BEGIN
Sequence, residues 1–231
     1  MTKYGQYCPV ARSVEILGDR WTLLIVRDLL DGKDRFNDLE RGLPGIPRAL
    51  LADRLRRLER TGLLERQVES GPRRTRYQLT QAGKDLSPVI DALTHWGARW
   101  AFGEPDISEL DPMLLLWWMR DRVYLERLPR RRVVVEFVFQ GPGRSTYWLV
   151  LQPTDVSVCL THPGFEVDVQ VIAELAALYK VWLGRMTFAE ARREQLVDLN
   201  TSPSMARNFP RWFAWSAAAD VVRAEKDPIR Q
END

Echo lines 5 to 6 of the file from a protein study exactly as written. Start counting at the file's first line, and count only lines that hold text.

   151  LQPTDVSVCL THPGFEVDVQ VIAELAALYK VWLGRMTFAE ARREQLVDLN
   201  TSPSMARNFP RWFAWSAAAD VVRAEKDPIR Q